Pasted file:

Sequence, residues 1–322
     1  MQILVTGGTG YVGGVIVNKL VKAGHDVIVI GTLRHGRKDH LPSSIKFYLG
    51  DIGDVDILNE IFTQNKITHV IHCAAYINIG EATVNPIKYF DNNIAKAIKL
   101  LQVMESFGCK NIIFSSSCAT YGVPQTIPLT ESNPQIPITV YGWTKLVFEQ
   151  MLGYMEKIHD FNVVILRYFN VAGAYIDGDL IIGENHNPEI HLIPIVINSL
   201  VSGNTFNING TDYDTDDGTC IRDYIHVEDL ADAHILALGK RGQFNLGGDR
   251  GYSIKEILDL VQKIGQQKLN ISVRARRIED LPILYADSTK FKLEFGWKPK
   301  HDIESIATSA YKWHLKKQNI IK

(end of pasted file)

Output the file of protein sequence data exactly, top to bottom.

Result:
Sequence, residues 1–322
     1  MQILVTGGTG YVGGVIVNKL VKAGHDVIVI GTLRHGRKDH LPSSIKFYLG
    51  DIGDVDILNE IFTQNKITHV IHCAAYINIG EATVNPIKYF DNNIAKAIKL
   101  LQVMESFGCK NIIFSSSCAT YGVPQTIPLT ESNPQIPITV YGWTKLVFEQ
   151  MLGYMEKIHD FNVVILRYFN VAGAYIDGDL IIGENHNPEI HLIPIVINSL
   201  VSGNTFNING TDYDTDDGTC IRDYIHVEDL ADAHILALGK RGQFNLGGDR
   251  GYSIKEILDL VQKIGQQKLN ISVRARRIED LPILYADSTK FKLEFGWKPK
   301  HDIESIATSA YKWHLKKQNI IK